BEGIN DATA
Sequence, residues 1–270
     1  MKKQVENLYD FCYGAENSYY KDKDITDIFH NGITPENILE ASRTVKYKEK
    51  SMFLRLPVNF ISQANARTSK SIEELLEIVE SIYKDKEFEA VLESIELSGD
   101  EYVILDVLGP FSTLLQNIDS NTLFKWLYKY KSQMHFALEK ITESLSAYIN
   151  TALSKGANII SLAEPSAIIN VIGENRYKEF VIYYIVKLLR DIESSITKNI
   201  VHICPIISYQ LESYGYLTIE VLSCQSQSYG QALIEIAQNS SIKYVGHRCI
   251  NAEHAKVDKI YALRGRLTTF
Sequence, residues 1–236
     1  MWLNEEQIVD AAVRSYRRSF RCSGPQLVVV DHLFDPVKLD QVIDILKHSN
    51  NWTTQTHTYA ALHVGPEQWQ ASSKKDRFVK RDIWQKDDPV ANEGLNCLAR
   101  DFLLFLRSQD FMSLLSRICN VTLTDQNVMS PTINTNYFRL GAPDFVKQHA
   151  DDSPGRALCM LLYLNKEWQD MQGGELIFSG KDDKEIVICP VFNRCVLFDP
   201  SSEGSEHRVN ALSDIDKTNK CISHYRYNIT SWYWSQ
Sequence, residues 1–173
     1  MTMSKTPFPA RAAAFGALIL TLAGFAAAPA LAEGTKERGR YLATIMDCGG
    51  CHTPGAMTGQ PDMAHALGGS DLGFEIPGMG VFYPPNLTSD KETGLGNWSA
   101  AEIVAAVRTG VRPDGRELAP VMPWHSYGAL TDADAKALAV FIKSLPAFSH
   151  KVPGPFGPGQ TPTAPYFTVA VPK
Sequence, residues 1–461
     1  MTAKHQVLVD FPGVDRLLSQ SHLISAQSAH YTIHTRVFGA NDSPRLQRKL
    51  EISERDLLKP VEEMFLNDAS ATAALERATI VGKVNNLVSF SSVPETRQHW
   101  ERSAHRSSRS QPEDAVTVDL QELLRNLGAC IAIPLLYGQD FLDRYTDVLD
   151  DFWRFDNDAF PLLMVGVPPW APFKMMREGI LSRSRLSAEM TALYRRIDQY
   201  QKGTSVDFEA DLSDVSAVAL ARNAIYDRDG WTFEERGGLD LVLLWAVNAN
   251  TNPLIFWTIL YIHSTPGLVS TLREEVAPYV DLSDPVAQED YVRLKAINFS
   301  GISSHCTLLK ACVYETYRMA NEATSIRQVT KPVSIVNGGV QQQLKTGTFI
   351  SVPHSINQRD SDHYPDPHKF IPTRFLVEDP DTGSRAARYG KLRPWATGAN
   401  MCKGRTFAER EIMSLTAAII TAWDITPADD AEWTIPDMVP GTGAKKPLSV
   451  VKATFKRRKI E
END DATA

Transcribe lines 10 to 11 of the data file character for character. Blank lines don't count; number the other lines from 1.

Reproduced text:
    51  NWTTQTHTYA ALHVGPEQWQ ASSKKDRFVK RDIWQKDDPV ANEGLNCLAR
   101  DFLLFLRSQD FMSLLSRICN VTLTDQNVMS PTINTNYFRL GAPDFVKQHA